Attorney Tina M. Patterson, Esq., is the president and director of research at The PuLSE Institute, a national anti-poverty think tank headquartered in Detroit with a distinguished National Advisory Panel made up of some of the most important civil rights leaders and anti-poverty campaigners of the last 50 years. Prior to leading the institute in 2018, Patterson, was previously a federal government attorney with the Social Security Administration.
During her stint at the Social Security Administration, she wrote legally binding decisions for administrative law judges throughout the United States and Puerto Rico. A racial justice advocate and the author of a forthcoming book on race and the law, Patterson, is at the forefront of the anti-poverty debate in Detroit, the nation’s largest African American city.
In this interview with Bankole Thompson, the dean and editor-in-chief of The PuLSE Institute, Patterson reflects on the larger significance of Women’s History Month, the role and contributions of Black women such as the late Congresswoman Shirley Chisholm and the late Nobel Peace Prize Winner Wangari Mathai, and calls for more women to hold significant leadership roles in Detroit and beyond.
PuLSE Institute: What comes to mind for you about Women’s History Month?
TINA PATTERSON: I think about the extraordinary achievements women all over the world have been able to contribute to humanity, in spite of traditional gender norms that have held them back from advancing in society. I also think about the inherit oppression and quite honestly, irrationality, of the predominant view that half of the world’s population (women) are viewed as lesser individuals simply due to their sex.
So, when I reflect on Women’s History Month, I am inspired to accomplish more, to exemplify the reality that sex and gender to not limit or dictate my achievements, and to especially advocate this message of equality for younger generations to truly embrace.
PuLSE: Women’s History Month is viewed as a period to celebrate the achievements as well as highlight the issues affecting all women. But as an African American woman, do you see this month as inclusive of the larger contributions of Black women to society?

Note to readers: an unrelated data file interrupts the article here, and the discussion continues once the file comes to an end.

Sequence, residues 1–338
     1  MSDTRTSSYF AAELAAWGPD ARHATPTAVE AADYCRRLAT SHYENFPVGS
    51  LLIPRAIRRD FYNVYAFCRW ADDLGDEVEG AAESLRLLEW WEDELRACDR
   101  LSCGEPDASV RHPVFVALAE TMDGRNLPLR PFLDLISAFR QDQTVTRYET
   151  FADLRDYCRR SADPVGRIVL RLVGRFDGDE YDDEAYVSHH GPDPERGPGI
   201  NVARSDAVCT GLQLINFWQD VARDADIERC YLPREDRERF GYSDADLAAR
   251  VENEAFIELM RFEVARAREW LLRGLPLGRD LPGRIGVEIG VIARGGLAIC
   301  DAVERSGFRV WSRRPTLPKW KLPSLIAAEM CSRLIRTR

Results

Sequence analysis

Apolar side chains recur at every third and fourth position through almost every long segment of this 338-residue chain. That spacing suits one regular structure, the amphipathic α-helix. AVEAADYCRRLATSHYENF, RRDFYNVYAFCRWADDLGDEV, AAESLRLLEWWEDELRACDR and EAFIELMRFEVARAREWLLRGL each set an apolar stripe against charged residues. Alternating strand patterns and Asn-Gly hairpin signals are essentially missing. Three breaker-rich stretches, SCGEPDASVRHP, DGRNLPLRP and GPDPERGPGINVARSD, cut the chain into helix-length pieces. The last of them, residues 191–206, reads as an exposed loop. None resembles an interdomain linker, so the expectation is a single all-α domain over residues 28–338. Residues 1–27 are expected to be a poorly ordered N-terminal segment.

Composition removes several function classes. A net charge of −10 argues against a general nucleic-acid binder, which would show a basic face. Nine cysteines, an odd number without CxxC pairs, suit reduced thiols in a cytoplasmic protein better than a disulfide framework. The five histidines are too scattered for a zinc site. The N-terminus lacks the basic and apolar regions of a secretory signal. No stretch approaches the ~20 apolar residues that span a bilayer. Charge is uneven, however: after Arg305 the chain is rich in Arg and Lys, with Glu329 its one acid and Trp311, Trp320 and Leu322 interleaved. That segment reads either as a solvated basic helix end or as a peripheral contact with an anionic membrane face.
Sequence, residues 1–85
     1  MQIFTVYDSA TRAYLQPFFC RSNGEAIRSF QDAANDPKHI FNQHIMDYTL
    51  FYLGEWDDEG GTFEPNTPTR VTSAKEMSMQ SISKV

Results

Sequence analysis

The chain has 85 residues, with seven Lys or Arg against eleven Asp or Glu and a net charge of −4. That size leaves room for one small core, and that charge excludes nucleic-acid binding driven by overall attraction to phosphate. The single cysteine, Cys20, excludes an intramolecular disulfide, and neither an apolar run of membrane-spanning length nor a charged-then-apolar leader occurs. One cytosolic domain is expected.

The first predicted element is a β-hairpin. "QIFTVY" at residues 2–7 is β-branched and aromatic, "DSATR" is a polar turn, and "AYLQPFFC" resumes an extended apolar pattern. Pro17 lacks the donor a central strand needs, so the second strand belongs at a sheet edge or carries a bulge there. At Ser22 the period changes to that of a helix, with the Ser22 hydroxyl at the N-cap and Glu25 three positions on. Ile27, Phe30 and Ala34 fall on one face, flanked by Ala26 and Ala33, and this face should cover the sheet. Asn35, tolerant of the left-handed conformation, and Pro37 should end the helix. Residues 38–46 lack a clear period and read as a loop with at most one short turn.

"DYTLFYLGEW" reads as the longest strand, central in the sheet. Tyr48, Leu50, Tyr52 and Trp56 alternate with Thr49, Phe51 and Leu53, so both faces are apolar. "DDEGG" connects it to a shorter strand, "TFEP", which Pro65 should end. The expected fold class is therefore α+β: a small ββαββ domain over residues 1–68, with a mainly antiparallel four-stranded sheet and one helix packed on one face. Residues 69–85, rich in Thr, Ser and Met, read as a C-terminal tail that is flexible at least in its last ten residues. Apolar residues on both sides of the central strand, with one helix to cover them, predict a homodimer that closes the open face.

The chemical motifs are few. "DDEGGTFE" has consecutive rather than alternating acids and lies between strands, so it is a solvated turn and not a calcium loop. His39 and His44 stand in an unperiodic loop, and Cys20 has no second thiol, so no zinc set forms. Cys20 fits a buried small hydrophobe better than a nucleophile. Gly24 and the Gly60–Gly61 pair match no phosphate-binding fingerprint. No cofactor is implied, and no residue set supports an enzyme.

PATTERSON: Black women must be included in Women’s History Month because we are no less women than White or any other women, even though we face the double barrier of discrimination based on race and sex. However, I do believe inclusivity is lacking in this conversation, as it always has when it comes to the general principle of feminism and womanhood.
Still, I do not believe this means Black women should dismiss our remarkable achievements because we don’t fit into a neat and acceptable definition or aesthetic. Instead, we should be even prouder to embrace our history, tell our truths, and exalt our accomplishments as a beacon of the full depth of our humanity and potential.
PuLSE: What do you see as part of the significant changes that have taken place in the advancement of women in this nation in the last half a century?
PATTERSON: I believe the reality that a woman can work and be independent outside of raising children and managing household duties has been the most significant advancement in our era. For so long, a so-called “woman’s place” was universally accepted as in the kitchen or raising children. Even when women did work outside the home, as many Black women have historically done, it was largely limited to domestic trades.
Now, however, women are regularly working outside the home in many diverse fields, and have achieved even larger numbers in business ownership and attainment of higher education. To me, it is verification that human potential is only limited by perception, and that societal constraints placed upon certain demographics can and should be broken.